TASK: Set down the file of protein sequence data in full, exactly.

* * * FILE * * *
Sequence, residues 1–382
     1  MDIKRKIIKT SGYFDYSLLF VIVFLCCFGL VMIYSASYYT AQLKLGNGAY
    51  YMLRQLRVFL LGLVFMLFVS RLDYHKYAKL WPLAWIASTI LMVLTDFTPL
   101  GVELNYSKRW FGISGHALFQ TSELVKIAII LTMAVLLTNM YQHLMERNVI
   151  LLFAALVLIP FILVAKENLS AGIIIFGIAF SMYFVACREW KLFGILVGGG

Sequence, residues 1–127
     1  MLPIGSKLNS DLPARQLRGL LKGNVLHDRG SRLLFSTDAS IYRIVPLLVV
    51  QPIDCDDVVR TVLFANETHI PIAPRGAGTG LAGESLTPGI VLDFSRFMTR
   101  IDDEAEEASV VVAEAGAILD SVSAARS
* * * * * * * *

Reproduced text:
Sequence, residues 1–382
     1  MDIKRKIIKT SGYFDYSLLF VIVFLCCFGL VMIYSASYYT AQLKLGNGAY
    51  YMLRQLRVFL LGLVFMLFVS RLDYHKYAKL WPLAWIASTI LMVLTDFTPL
   101  GVELNYSKRW FGISGHALFQ TSELVKIAII LTMAVLLTNM YQHLMERNVI
   151  LLFAALVLIP FILVAKENLS AGIIIFGIAF SMYFVACREW KLFGILVGGG

Sequence, residues 1–127
     1  MLPIGSKLNS DLPARQLRGL LKGNVLHDRG SRLLFSTDAS IYRIVPLLVV
    51  QPIDCDDVVR TVLFANETHI PIAPRGAGTG LAGESLTPGI VLDFSRFMTR
   101  IDDEAEEASV VVAEAGAILD SVSAARS